The next release of GeoWeb Publisher will provide significant performance enhancements and the ability to connect to various databases, support dynamic publishing and preprocessing publishing (i.e. that of Mapquest, etc.), publish directly from Oracle, and have development wizards for non-programmers.
Geospatial Research Seminar
The topic for Geospatial Research Seminar at BE was entitled “Sustainable, High Accuracy, Infrastructure Information Management and Interoperability - a framework for Homeland Security.” Certainly the topic of Homeland Security is not new to us who report on it for geospatial, but the emphasis for Bentley is on managing infrastructure, which it has been doing from the onset of the company. Bentley's flagship MicroStation was developed as a tool for architects and engineers; that base product has evolved to take in not only the design and building of a structural asset, but the maintenance and operations for the lifecycle of the project, which is the essence of the
“building information model (BIM)”. How GIS plays into this is that in the area of Homeland Security, it is now necessary to be able to analyze and respond to emergency situations very quickly. The ability of a BIM to be able to locate, manage and access information through the engineering lifecycle lends itself to the process of locating threatened assets and managing any potential damage to those assets in the event of an emergency that is part of the geospatial paradigm. Infrastructure damage must be assessed and the effects of damage minimized to ensure public safety.
The Bentley paradigm of the lifecycle of an asset is broken down into four parts: plan, design, build and operate. Bentley has long believed that the richest and most complete description of an asset is in the engineering documentation that was used to build it, or rather, source information. Historically, transforming, converting and abstracting engineering data into a GIS has been very difficult because it requires that an infrastructure constantly be worked and reworked. The alternative is to organize the information into a distributed environment based on multiple representations. The paradigm “create once, use many times” has become a critical goal in Homeland Security
where you are dealing with organizational barriers and fragmented information. During emergencies, there isn't time to seek out all relevant information sources, thus the government must organize and make available and accessible the proper information to the proper authorities before a disaster strikes.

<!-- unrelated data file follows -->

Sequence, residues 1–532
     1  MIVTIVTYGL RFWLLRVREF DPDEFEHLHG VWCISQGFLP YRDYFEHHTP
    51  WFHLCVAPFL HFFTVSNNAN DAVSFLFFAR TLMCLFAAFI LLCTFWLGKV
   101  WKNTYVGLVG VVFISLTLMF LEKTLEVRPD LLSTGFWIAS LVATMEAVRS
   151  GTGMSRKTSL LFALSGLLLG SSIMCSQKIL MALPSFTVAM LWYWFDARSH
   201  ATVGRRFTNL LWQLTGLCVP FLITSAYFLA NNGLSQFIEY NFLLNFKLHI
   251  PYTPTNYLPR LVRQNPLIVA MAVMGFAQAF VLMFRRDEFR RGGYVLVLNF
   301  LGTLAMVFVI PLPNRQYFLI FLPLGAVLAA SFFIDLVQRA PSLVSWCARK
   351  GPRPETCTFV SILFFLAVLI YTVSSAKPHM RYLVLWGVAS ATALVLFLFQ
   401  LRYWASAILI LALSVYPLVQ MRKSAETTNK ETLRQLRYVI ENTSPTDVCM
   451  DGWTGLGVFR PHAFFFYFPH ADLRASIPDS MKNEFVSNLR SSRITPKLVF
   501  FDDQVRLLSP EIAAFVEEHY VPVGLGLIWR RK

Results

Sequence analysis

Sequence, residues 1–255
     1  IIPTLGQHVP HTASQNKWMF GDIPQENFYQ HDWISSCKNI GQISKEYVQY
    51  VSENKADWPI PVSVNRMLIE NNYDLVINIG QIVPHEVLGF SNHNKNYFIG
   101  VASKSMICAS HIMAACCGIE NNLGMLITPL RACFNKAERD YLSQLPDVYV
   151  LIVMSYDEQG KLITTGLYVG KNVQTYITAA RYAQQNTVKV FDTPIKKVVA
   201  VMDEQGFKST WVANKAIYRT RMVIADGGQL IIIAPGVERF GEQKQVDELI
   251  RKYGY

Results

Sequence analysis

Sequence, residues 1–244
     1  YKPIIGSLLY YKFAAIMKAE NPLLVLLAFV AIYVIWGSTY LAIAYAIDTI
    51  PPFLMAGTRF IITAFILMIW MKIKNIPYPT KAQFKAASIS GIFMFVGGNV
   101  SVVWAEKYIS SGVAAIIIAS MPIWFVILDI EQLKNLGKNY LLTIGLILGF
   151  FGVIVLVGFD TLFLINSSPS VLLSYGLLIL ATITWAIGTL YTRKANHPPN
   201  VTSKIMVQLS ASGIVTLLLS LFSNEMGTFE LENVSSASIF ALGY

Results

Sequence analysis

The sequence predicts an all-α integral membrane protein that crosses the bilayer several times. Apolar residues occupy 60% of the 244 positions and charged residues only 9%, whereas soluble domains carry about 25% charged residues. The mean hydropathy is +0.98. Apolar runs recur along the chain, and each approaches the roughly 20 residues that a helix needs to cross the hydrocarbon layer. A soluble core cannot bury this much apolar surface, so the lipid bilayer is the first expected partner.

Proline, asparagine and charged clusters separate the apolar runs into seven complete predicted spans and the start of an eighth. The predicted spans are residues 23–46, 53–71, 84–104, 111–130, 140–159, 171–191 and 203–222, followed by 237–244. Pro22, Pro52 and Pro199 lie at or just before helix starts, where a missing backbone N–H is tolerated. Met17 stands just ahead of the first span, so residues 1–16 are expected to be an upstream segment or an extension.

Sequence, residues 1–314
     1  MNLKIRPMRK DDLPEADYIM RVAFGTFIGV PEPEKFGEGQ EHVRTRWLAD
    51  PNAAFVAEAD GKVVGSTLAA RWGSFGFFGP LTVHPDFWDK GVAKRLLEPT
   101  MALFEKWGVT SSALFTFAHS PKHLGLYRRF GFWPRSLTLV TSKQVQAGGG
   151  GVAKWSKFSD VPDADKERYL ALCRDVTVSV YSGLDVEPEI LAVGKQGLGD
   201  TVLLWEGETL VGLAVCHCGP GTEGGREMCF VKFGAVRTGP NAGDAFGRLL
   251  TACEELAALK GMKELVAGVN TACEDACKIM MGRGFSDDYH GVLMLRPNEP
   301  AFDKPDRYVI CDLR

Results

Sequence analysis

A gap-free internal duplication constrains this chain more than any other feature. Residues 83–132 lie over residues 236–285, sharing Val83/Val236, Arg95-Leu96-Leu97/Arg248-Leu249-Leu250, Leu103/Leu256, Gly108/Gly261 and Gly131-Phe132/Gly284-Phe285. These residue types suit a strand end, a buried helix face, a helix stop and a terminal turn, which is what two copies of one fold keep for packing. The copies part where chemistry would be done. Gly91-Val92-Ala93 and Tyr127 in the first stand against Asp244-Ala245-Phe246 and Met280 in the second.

Conversion has been a costly option in the past, but today Bentley begs the question, “why convert at all?” Why not keep the engineering data in its original form and use the power of the database to index the information in the engineering drawings to create the reports for the Owner-Operators to use in the Operate and Plan phases of the infrastructure lifecycle? Using Oracle Spatial's indexing capability, for example, would provide a seamless process of keeping information current and reliable, with the whole organized system based on multiple representations in a distributed, networked environment.
Although in summary the seminar concluded that there were great benefits for managing high accuracy information related to infrastructure in a distributed environment, particularly for homeland security issues, more questions arose as to which geometric and thematic information would be relevant for the search index system, and how would you maintain relevant search information in the index as source documents may change - once you've created and filled the initial index with relevant source information?
Framework for Emergency Management
Dr. Dipl-Ing Sisi Zlatanova, GIS technology director of the Delft University of Technology in the Netherlands, gave a presentation at the Research Seminar on the framework for emergency management that they are implementing in the Netherlands. The University is doing research and testing with Bentley, ESRI and Oracle Spatial. Many of their tests have involved interoperability and getting different systems to integrate. Most of Dr. Zlatanova's research involves 3D and how to organize data in the database management system.
Her talk offered a fresh perspective on emergency management and response. She remarked that in Europe people are not so concerned with “homeland security” protection from terrorism as they are in North America, that their interest in emergency response is in how to respond and to prevent disasters and by building more stable infrastructure.
Concerns with emergency response in the Netherlands include: being able to see how many people are in buildings, how you provide information to all different agencies. Of course, there are some people who just follow orders, people from different floors must be moved, how many people are involved, their professions, ages, etc. and how do you to find this information. Other important factors are plant specifications of floors, buildings, facility management information, municipality, pipeline and electrical company information.
The presentation focused on how to find this information and what system was needed.
Cadastral information may be thematically displayed based on property values